Session: 631. Myeloproliferative Syndromes and Chronic Myeloid Leukemia: Basic and Translational: Poster III
Hematology Disease Topics & Pathways:
Research, Translational Research, CML, Chronic Myeloid Malignancies, Diseases, Myeloid Malignancies
Results: We recently treated two chronic phase CML patients whose disease harbored the imatinib-resistant BCR::ABL1/M244V mutation with asciminib 80 mg once daily. Both patients demonstrated failure to respond. In both cases, despite dose escalation (to 120 mg twice daily and 200 mg twice daily), asciminib was discontinued due to rising blood counts or BCR::ABL1 transcript level. One patient was subsequently switched to ponatinib 15 mg daily and has responded well; the other patient has maintained disease control on dasatinib. The in vitro activity of asciminib against BCR::ABL1/M244V has not been previously reported. We therefore assessed the sensitivity of Ba/F3 cells transduced with BCR::ABL1/M244V. BCR::ABL1/M244V confers a surprisingly high degree of resistance to asciminib (IC50 increased > 10-fold relative to BCR::ABL1/T315I). BCR::ABL1/M244V confers a surprisingly high degree of resistance to asciminib (IC50 increased > 10-fold relative to BCR::ABL1/T315I), albeit less than that conferred by the previously described asciminib-specific mutant BCR::ABL1/A337V. Interestingly, M244 resides at the base of the P-loop, at considerable distance from the asciminib binding pocket. We therefore tested three other resistance-conferring mutants in proximity to M244V that have not been previously profiled (L248R/V, Y253F), and found that two of these mutants (L248V and Y253F) indeed exhibit moderate resistance relative to native BCR::ABL1, similar to that observed with BCR::ABL1/T315I. These findings suggest that select alterations in the kinase P-loop can lead to conformational changes in myristate binding pocket.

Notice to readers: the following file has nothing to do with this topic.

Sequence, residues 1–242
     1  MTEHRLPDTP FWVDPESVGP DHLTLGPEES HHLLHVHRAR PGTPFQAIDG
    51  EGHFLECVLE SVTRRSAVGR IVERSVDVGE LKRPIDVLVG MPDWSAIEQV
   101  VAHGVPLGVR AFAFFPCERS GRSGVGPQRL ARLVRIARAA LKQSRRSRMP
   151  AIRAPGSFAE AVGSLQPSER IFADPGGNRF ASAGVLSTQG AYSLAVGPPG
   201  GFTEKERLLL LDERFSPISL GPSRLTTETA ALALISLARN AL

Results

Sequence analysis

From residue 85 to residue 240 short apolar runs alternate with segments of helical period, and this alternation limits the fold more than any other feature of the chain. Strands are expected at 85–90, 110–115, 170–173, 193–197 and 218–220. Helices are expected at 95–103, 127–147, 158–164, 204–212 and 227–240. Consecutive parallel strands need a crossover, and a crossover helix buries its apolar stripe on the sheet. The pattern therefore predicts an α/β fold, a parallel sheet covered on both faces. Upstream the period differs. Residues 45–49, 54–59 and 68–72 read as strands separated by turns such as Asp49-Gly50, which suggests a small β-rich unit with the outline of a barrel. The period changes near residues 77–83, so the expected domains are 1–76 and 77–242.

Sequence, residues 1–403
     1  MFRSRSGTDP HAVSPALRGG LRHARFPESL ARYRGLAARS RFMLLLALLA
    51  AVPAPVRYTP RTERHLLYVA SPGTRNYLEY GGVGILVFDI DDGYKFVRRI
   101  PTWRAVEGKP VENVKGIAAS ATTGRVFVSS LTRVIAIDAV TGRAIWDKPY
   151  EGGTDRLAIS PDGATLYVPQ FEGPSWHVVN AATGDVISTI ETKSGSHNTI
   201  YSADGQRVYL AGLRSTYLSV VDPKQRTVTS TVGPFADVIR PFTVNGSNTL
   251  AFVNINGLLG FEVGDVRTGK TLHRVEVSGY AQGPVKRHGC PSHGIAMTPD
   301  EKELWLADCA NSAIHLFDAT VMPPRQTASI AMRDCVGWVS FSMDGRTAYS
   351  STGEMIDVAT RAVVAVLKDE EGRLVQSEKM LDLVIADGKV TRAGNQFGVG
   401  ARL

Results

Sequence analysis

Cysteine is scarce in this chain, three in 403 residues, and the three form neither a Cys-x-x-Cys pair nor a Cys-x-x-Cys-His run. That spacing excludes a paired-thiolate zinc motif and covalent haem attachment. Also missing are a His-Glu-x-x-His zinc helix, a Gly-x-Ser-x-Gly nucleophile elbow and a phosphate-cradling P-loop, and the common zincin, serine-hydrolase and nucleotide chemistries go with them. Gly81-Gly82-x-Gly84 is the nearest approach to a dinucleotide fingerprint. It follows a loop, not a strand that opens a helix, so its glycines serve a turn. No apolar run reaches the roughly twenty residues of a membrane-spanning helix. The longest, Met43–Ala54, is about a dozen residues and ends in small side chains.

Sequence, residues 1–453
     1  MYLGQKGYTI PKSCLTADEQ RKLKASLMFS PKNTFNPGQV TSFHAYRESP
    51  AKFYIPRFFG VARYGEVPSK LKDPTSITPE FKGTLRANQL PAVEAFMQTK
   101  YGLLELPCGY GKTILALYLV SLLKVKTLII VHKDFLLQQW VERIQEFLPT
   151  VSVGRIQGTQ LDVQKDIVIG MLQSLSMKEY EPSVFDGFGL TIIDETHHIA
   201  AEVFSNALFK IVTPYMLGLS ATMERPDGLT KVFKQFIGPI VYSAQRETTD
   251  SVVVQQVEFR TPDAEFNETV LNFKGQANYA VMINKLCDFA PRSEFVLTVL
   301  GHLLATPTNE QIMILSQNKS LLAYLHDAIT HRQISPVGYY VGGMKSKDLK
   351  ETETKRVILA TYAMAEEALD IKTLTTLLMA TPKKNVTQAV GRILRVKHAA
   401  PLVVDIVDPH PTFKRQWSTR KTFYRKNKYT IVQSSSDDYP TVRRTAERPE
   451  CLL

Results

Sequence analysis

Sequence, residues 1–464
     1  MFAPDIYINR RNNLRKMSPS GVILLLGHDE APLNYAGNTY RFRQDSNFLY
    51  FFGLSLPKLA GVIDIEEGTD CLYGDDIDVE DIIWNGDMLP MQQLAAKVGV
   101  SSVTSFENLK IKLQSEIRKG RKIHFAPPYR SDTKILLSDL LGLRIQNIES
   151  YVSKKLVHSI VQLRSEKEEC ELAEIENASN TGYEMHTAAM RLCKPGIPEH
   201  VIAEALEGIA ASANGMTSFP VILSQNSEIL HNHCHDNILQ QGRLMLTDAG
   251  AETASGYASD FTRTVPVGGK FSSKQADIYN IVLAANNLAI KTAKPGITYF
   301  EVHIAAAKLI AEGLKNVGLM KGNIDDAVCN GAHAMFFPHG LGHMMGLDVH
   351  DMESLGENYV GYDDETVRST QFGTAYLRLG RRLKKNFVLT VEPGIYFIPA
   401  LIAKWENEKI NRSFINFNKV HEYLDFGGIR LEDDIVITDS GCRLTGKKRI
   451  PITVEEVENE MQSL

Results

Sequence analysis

Conclusions: BCR::ABL1/M244V confers a high degree of in vitro resistance and is associated with clinical resistance to even high doses of asciminib. Asciminib should therefore be considered contraindicated in patients with the BCR::ABL1/M244V mutation. Furthermore, several additional commonly encountered BCR::ABL1 kinase domain P-loop mutations (L248V, Y253F, F359C/I/V) that confer clinical resistance to ATP-competitive TKIs confer substantial cross-resistance to asciminib in vitro. While assessment of clinical response in patients with these mutations to asciminib is required, it appears unlikely that the currently approved dose of asciminib will be active in CML cases that harbor these mutants, and they may lead to acquired resistance. These mutations represent critical vulnerabilities for ongoing investigational efforts to combine asciminib with imatinib in an attempt to suppress the outgrowth of drug-resistant BCR::ABL1 mutants.
Disclosures: Shah: Bristol-Myers Squibb Oncology: Research Funding.
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